Additionally, X-ray angiography provides limited information about the functional significance of a lesion. Thus, there is a need for an alternative technique that would provide not only anatomic but also the functional information about coronary circulation in a non-invasive way.
With technical developments in the past few years, magnetic resonance imaging has developed as one such tool. Researchers at the DCVI and the Siemens Cardiovascular Research Center are working to develop new coronary angiography techniques using MRI.
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CARDIAC FUNCTION AND HEART FAILURE:
Thousands of patients in the US are afflicted with crippling heart failure each year. Yet, little is known about the mechanics of myocardial muscle in response to pharmacologic and device therapies. Recent data suggests that patients with ejection fraction <35%, prolonged conduction delays (>120 ms left bundle branch block), and class III-IV symptoms may benefit from multi-site pacing. However, up to 1/3 of patients who meet all the criteria for such a device, do not show any response. The UCLA-RESYNCH Trial is currently enrolling such CHF patients in an effort to use cardiac MRI and Echo Tissue Doppler Imaging in an effort ot statistically model the potential non-invasive predictors of responders to such device therapy. The hope is that in the near future, a non-invasive test assessing the regional myocardial performance would be highly predictive of which CHF patients will benefit (or not) from invasive device therapy, therefore, increasing survival, decreasing allocations of limited resources, and providing advanced therapy to those who may otherwise thought not to be a candidate for device therapy. Another trial, the CHF-STATIN trial, is also underway, in which the lipid-lowering class of drugs call statin are given to patients. Using advanced high-performance MRI sequences, the remodeling of the myocardium is being followed through the therapy's duration. If you are a patient or know anyone interested in enrolling, please contact our research coordinator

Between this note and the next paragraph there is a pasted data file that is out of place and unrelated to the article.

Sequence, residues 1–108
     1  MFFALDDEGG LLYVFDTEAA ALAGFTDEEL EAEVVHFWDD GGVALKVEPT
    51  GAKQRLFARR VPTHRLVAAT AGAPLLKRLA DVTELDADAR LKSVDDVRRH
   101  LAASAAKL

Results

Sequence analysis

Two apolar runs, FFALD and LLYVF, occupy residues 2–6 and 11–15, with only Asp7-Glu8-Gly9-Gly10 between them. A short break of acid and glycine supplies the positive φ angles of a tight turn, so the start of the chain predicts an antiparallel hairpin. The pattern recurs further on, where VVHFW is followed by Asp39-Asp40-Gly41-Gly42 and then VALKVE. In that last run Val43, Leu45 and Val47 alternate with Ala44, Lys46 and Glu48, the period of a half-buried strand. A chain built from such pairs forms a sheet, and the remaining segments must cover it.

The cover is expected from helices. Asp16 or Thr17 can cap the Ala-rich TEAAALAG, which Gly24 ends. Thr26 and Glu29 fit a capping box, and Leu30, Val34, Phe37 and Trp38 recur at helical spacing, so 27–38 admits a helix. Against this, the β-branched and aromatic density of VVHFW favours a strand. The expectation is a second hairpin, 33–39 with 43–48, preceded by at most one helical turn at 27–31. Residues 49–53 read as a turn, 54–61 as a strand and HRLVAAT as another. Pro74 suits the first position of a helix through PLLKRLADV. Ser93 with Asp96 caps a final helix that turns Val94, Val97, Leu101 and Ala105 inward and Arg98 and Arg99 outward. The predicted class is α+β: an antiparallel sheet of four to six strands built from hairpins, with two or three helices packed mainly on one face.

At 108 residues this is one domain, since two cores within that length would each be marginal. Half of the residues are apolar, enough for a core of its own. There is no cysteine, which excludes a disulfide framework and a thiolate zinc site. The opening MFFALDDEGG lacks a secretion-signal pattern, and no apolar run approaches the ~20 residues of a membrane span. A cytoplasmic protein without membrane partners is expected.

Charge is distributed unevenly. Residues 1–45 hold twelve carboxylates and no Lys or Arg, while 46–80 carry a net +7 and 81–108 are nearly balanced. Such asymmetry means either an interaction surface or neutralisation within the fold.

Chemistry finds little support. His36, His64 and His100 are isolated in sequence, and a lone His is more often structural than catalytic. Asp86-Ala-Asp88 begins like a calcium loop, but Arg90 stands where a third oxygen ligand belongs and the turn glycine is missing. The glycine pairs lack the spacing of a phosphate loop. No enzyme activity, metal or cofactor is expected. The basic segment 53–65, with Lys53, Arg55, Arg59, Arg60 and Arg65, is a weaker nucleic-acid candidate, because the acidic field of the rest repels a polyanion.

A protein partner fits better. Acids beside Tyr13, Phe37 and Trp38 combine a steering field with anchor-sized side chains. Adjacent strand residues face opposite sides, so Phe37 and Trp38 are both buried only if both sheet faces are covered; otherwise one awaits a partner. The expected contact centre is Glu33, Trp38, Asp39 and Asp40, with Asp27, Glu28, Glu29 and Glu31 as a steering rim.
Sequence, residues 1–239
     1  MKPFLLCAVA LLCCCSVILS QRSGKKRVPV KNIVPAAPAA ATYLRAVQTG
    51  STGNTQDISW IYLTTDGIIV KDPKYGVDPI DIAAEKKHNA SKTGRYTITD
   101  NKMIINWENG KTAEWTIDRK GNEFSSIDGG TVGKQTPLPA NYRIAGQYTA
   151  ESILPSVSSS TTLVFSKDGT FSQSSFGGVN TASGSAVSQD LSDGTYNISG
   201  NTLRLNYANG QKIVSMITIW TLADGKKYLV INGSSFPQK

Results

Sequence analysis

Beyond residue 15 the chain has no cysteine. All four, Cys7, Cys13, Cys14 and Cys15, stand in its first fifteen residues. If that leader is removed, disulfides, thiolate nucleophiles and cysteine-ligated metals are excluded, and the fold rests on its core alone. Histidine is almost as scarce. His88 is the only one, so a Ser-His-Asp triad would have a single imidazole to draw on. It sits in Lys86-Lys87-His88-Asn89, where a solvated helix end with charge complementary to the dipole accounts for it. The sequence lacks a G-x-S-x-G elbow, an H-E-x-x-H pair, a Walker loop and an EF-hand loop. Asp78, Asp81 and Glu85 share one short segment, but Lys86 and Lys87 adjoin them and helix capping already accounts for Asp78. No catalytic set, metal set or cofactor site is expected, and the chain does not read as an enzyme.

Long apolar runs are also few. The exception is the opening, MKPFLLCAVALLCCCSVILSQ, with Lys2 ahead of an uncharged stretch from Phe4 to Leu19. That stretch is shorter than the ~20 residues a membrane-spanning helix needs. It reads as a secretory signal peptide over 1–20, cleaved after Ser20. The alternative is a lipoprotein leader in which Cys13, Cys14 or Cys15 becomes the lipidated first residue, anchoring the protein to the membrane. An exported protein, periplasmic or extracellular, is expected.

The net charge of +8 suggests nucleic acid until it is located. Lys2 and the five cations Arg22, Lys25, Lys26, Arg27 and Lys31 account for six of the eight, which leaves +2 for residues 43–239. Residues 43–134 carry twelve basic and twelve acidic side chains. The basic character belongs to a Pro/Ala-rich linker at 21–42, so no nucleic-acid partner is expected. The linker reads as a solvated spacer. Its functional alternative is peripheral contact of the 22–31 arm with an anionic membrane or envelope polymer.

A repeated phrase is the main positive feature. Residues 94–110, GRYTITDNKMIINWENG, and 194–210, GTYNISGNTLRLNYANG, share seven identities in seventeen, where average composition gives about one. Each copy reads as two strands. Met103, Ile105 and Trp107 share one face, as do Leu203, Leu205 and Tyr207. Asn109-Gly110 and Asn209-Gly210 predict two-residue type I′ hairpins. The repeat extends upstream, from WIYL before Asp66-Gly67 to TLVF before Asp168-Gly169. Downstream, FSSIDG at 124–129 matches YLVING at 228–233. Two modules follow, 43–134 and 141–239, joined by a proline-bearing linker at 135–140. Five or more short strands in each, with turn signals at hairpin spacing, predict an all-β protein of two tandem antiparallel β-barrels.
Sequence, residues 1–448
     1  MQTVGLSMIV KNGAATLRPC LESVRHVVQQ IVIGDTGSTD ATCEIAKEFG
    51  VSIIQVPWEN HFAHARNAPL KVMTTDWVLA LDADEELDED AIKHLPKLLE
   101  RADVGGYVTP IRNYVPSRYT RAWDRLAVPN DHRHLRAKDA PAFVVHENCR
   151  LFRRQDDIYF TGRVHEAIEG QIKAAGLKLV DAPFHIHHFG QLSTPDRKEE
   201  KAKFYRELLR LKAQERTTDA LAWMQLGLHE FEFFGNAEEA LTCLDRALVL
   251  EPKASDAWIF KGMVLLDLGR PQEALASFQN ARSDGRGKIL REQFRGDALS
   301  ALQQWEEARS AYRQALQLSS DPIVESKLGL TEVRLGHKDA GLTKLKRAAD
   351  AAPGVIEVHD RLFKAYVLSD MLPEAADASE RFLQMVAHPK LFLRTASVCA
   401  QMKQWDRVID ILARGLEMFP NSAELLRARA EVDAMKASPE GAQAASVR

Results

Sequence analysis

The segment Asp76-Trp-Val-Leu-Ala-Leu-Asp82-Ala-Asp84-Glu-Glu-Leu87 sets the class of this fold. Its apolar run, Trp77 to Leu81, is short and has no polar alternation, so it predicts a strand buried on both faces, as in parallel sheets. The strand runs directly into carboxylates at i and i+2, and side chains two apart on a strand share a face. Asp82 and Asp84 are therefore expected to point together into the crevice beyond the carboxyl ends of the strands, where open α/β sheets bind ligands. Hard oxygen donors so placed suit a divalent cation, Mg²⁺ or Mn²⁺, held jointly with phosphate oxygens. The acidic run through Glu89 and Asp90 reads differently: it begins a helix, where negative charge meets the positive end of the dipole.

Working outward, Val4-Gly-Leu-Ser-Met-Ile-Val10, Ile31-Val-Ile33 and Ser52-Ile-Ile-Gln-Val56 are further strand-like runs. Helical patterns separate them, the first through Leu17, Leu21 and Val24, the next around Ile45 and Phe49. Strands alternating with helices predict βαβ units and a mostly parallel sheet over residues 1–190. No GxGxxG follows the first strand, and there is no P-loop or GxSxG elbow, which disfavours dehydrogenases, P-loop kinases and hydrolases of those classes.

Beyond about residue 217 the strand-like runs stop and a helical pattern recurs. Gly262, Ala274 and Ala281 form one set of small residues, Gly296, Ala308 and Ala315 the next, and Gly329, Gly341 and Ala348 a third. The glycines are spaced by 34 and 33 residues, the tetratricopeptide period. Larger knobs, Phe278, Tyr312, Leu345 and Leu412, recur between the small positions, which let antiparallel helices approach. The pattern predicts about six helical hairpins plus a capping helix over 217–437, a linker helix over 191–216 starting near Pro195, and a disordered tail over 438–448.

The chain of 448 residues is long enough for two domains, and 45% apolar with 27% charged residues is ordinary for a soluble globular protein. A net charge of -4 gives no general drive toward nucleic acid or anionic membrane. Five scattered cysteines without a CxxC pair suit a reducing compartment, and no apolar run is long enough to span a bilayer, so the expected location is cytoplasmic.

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ADULT CONGENITAL HEART DISEASE: